Category Archives: news

Breaking Free (and a general update)

I know, I know. It’s been far too long since I posted anything here. In 2015, I had hand surgery and became asthmatic, both of which slowed me down a bit. I volunteered at three summer writing camps for grade school kids, which was super fun. I made a lot of progress editing my second novel and wrote several short stories and poems. I haven’t written much flash fiction since I stopped posting weekly, but I did write one piece recently, which was a lot of fun, so maybe I’ll get back into it. A few months ago, I took my first novel and started re-writing it, removing one of two POV characters entirely from the story (about 45% of the content) and switching from third person past tense to first person present tense. I’m only a few chapters in, but it’s interesting and fun so far, so I’m going to stick with it and see what happens.

The real reason I’m writing is that the latest anthology from Scripting Change, Breaking Free, is now available!

It includes a poem of mine.

Proceeds from the anthology will benefit Reach, an organization based in Massachusetts which supports domestic violence victims of all backgrounds and ages, while also increasing awareness in local communities.

The digital collection is available through:

The Scripting Change store
Smashwords (set your own price!)
Amazon in the US
Amazon in the UK
Amazon in Canada
Barnes and Noble

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Beyond the Words, a Scripting Change project

Hello faithful readers!

I’m happy to announce that I have a piece in the new Scripting Change anthology, Beyond the Words. Check it out!

Scripting Change Cover Reveal & Release-day Blast

The community writing project, Scripting Change, is incredibly excited to announce the release of their second anthology: Beyond the Words!

Absolutely every piece of this e-book, from the coordination, to the contents, to the beautiful cover art, was volunteered, and 100% of proceeds will be donated to nonprofit organizations championing literacy in their communities.  Read on to find out why!
About the Project:
Scripting Change is a writing initiative that aims to bring together the vast community of writers and readers in support of responsible nonprofit organizations.
The project accepts submissions from writers, relating to a theme that reflects an important cause.  The selected pieces are combined in an anthology which is published as an e-book, in this case: Beyond the Words.  Proceeds from this and every Scripting Change e-books’ sales are donated to the matched organization that champions each e-book’s cause.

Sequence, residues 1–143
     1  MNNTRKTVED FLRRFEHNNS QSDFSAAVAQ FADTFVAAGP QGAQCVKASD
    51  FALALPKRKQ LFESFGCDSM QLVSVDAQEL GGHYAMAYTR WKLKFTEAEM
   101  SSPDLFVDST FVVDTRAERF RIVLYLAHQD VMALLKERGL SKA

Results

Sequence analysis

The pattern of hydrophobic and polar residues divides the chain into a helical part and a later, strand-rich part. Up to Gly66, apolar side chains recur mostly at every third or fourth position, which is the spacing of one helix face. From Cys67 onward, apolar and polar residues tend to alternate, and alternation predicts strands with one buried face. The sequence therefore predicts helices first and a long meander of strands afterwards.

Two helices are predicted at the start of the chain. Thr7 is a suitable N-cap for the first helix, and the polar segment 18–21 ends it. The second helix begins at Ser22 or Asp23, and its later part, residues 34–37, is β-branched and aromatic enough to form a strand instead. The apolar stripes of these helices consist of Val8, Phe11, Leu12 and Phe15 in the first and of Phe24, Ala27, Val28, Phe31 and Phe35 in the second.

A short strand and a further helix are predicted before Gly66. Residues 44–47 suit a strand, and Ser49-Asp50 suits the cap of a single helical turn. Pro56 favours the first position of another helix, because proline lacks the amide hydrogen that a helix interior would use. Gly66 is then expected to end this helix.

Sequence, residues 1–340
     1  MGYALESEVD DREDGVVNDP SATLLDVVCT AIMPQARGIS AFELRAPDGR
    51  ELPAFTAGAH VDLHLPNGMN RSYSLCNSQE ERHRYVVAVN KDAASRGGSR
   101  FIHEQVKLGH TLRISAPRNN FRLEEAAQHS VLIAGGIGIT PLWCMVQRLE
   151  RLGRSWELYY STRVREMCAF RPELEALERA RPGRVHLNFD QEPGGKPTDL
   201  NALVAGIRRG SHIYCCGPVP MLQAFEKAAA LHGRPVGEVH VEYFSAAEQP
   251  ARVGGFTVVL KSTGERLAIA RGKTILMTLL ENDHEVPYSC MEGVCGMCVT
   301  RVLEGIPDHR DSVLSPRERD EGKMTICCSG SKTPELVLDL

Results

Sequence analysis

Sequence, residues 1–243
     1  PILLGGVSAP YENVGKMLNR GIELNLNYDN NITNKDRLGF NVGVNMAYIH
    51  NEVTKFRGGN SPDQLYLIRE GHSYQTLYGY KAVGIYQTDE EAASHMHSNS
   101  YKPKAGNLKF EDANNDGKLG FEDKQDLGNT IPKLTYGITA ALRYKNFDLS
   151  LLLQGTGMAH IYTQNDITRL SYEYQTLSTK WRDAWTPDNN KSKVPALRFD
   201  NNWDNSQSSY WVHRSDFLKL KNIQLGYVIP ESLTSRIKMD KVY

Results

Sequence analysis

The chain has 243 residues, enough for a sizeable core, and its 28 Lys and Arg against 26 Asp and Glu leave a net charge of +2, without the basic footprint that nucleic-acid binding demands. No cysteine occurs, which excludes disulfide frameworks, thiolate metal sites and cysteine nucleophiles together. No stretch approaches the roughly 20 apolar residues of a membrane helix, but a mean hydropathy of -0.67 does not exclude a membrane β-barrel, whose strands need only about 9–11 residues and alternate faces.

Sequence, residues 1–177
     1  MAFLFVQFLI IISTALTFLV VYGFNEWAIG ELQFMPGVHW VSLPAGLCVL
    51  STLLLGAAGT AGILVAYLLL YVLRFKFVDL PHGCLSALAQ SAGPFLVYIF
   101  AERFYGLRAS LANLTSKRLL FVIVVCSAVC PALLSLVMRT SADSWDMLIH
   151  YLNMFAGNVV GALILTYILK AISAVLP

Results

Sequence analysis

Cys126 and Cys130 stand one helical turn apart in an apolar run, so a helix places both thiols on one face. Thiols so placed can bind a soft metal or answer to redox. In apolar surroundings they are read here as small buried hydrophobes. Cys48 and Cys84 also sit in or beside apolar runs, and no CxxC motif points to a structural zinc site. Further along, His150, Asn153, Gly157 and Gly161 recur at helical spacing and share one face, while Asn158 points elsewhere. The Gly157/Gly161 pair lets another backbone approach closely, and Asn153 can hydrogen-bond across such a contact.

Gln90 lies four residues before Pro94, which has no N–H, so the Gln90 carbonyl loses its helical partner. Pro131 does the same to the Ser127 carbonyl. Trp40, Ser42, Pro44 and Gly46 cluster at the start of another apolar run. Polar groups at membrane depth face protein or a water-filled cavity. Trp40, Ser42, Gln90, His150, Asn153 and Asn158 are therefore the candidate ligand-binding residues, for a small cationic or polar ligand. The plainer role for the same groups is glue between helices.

By focusing on the compelling words of writers, Scripting Change is able to raise not only funds but also awareness for the causes of the organizations they support.  The time and talents of everyone involved are offered freely, so the project has absolutely no overhead costs, which means every dollar raised is donated to positively impact our society!
About the Nonprofits:
It is impossible to overstate the importance of literacy, yet so many struggle with this crucial skill. So, Scripting Change has decided to donate proceeds from Beyond the Words to not one, but three nonprofits throughout the United States, all of which foster literacy in their communities.

Read for Literacy

    , in Northwestern Ohio, provides learning opportunities for readers of all ages and backgrounds, with three tailored programs: Creating Young Readers, for children in kindergarten through 2nd grade; Adult Basic Education; and English Language Learners, for non-native English speakers.

Literacy Action

    , in Atlanta, Georgia, offers an incredibly wide array of literacy programs for adults — from literal reading assistance, to workplace literacy, family literacy & education, and much more, this organization provides its community with crucial support, enhancing so many lives!

Page Ahead

    , in Seattle, Washington, focuses its literacy efforts on children, allowing elementary-school children to browse book fairs at the end of the school year & choose their own books for the summer — which are then provided to them by Page Ahead! They bolster this program by also working with parents, helping them engage their young readers.
Now it’s your turn!
Scripting Change depends entirely upon the support of the community as a whole.  The writers, and our cover designer, have done their part; the coordinators have brought it all together; the bloggers have graciously helped us spread the word – now it’s up to the readers.  We hope you will enjoy the anthology!

Beyond the Words is available through:

Smashwords ~*~ Amazon: USUK ~*~ Barnes & Noble

Learn more about this project at: ScriptingChange.blogspot.com
Find them on Facebook or on Twitter: @ScriptingChange

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MCWC – The Mendocino Coast Writers Conference

I just got back from a fantastic trip to the Mendocino Coast Writers Conference in Fort Bragg (California). I participated in the novel workshop and received some wonderful feedback on the beginning of the novel I’m working on. I was inspired to really buckle down and get this novel ready to submit.

On Friday afternoon, I read a five-minute excerpt from a dystopic, science fiction short story that won first place in the conference participants short fiction contest. It was inspired by this piece of flash fiction I wrote last November, which is the way the story begins.

Marion (who writes awesome fantasy) summed up all the contest winners here.

If I met you at the conference and you’re reading this, thank you for stopping by! Please browse around and let me know what you think.